None of Abacus' tests are available yet in the US. Last August, after winning a key pair of US patents covering its technologies, Abacus told PCR Insider that it planned to seek regulatory approval in the US this year for its MRSA and SA assays, as well as the C. difficile test.

Gylling did not provide an update on the former tests, but noted that the company is set to release an even easier-to-use version of the C. diff test in Europe this month, and plans to begin clinical testing of that assay in the US by the end of this year.

"The increased interest and growth in Eastern Europe, Middle East, Asia, and emerging markets has been [a] high priority among our commercialization efforts and activities during [the] first half of 2013," she said. "However, we still anticipate starting clinical evaluations in [the US] towards [the] end of this year with the new C. difficile version.

Source: Genomeweb

Sunday, July 14, 2013

Rapid Characterization of Staphylococcus aureus by Infrared Light (FTIR)

Scientists at the University of Veterinary Medicine, Vienna (Vetmeduni Vienna) are hot on the trail of the bacterium Staphylococcus aureus. The researchers have developed a technique for the rapid and reliable distinction between strains that can cause chronic infections and those that cannot. Using infrared light and artificial intelligence, the scientists present a sophisticated method for the prediction of disease progression. Their results are now published in the Journal of Clinical Microbiology.

The bacterium Staphylococcus aureus (S. aureus) is commonly found in nature and frequently colonizes the skin and the upper respiratory tract of humans. A healthy immune system can fight the microorganism but once the immune system is weakened the pathogen can spread and lead to life-threatening diseases of the lungs, the heart and other organs. Moreover, S. aureus produces toxins in foods and can cause serious food poisoning. Its effects are not confined to humans:  in cattle, S. aureus frequently causes inflammation of the udders, so the bacterium is also of great interest in veterinary medicine.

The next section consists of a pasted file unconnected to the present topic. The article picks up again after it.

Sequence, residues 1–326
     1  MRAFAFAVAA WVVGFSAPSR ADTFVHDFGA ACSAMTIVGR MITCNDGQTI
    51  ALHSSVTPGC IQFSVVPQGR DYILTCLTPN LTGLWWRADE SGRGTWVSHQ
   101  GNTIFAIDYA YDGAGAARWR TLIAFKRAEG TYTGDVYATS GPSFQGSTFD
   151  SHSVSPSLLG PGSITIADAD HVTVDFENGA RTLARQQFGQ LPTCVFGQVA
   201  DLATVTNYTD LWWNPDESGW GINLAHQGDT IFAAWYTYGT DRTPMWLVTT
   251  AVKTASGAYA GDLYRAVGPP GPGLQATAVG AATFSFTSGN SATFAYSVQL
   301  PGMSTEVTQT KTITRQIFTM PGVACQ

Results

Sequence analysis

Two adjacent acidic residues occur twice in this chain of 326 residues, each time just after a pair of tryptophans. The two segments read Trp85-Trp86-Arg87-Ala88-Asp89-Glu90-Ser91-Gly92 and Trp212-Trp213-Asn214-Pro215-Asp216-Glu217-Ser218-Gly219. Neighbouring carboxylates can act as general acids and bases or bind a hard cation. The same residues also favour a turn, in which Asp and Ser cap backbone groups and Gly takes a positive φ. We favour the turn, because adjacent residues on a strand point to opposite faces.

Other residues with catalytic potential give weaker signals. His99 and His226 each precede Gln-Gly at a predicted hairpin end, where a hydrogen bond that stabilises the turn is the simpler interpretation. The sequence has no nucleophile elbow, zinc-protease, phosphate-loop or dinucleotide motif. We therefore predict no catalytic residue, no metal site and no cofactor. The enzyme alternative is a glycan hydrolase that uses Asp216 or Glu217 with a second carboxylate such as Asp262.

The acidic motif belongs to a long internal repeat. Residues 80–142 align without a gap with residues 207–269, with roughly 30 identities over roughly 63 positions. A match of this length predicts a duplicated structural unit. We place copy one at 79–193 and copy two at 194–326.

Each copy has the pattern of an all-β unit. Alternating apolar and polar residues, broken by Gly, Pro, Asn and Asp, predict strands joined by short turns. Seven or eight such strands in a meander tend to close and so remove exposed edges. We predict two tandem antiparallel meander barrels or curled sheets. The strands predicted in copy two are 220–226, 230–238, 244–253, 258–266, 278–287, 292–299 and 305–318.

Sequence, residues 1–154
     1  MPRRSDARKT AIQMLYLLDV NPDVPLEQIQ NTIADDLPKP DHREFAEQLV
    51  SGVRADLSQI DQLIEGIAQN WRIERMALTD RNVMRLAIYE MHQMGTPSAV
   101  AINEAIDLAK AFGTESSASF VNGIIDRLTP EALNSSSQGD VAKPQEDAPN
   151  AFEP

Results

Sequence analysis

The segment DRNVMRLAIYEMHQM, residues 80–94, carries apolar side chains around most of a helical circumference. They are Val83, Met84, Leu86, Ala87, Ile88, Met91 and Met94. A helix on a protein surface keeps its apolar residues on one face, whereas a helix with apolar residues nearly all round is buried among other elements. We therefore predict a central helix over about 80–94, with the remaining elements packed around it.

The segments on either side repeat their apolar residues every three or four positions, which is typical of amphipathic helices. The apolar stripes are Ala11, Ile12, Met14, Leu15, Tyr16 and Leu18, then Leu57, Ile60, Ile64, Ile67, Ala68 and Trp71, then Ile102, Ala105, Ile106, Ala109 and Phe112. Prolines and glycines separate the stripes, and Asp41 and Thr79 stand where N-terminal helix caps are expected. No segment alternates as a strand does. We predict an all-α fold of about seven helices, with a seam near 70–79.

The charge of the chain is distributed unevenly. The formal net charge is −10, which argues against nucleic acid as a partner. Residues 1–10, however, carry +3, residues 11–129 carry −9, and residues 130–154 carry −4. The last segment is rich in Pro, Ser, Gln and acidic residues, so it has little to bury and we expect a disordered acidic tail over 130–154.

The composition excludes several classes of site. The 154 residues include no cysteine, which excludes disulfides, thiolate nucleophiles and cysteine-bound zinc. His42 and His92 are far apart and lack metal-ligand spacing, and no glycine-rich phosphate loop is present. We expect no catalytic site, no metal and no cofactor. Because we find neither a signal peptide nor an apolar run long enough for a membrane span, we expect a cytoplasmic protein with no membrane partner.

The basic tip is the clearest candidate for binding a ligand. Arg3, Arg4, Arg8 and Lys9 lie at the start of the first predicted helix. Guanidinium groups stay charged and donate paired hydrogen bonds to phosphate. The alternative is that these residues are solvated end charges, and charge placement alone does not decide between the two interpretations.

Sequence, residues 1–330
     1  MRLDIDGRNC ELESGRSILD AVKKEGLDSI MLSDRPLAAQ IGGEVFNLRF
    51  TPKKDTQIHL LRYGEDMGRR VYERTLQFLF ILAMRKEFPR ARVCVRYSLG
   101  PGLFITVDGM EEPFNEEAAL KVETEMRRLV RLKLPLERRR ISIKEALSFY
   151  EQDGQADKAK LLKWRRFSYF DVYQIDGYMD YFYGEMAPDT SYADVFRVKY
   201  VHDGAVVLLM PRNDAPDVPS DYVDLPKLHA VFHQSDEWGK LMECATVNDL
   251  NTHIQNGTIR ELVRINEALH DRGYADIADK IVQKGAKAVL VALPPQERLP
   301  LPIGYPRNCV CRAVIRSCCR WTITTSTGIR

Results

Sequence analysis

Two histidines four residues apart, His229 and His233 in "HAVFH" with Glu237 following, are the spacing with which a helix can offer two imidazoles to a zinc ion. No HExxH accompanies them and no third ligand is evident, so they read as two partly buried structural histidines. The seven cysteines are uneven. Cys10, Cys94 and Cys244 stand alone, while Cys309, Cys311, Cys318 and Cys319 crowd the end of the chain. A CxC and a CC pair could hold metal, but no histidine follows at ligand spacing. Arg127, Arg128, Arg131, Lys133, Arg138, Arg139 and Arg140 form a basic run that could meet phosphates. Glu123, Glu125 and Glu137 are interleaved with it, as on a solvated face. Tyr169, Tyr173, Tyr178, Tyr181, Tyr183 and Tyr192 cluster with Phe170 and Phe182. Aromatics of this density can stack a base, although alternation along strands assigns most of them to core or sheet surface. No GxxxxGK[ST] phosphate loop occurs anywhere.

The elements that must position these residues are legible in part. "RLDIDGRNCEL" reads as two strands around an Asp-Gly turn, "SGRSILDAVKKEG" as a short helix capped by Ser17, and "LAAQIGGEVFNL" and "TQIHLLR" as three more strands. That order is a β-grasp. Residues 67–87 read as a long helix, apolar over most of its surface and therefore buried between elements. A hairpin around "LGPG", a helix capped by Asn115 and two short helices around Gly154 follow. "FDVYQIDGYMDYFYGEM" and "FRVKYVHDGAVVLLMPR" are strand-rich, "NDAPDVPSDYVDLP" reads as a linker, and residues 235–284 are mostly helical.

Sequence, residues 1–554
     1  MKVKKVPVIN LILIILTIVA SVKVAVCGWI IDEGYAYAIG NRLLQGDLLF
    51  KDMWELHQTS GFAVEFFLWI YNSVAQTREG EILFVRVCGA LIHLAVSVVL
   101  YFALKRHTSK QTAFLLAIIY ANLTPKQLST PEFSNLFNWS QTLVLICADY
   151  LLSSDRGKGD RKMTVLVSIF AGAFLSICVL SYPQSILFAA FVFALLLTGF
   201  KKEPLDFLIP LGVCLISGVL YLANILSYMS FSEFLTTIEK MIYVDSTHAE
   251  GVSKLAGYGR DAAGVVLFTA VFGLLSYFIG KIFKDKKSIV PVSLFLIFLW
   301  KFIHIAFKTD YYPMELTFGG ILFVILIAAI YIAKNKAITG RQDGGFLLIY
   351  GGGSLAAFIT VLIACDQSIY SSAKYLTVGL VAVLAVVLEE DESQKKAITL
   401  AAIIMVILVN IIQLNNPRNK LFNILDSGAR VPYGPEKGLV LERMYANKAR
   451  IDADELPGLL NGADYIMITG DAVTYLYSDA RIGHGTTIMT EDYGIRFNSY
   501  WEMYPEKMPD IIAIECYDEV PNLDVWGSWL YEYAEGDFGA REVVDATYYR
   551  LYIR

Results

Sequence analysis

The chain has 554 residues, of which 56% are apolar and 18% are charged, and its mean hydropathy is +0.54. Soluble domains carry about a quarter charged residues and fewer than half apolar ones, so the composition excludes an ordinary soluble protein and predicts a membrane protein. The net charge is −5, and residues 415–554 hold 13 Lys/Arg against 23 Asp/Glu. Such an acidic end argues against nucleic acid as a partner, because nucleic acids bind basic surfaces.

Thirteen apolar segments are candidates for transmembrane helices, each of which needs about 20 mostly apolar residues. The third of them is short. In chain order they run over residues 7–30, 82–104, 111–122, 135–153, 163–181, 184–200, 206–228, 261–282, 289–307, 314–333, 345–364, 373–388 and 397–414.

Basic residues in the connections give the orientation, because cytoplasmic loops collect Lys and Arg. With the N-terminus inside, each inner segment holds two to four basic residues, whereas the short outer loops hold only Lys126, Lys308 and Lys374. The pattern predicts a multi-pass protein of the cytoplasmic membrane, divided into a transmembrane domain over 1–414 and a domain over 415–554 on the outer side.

S. aureus comes in many different forms, which helps it evade the immune system. Aggressive types of S. aureus form capsules and multiply rapidly but are also quickly recognized by the immune system. Capsule-free forms are better able to survive within cells and are less well recognized by the immune system. In other words, they “hide and seek” before they attack and so are more likely to cause chronic infections that are harder to treat. Recent studies suggest that in the course of adapting to its host (human or animal) S. aureus undergoes a form of microevolution, during which it loses its capsule. The capsule-free form evades the host immune system and can even survive antibiotic treatment.

S. aureus was previously detected – and the nature of its capsule checked – by means of specific antibodies that bind the capsule. The procedure is relatively complex, as the antibodies are not commercially available and thus have to be produced in animal experiments. Tom Grunert and colleagues have now developed a method by which the capsules can quickly and clearly be distinguished from one another without the use of antibodies. The technique relies on a physical procedure known as FTIR or Fourier Transform Infrared Spectroscopy. Infrared light is shone on the microorganisms to be tested and the resulting spectral data are input into a supervised self-learning system, a so called artificial neuronal network, which uses the data to work out the type of capsule. As Grunert says, "With the new method we can routinely test patient samples with a success rate of up to 99 percent."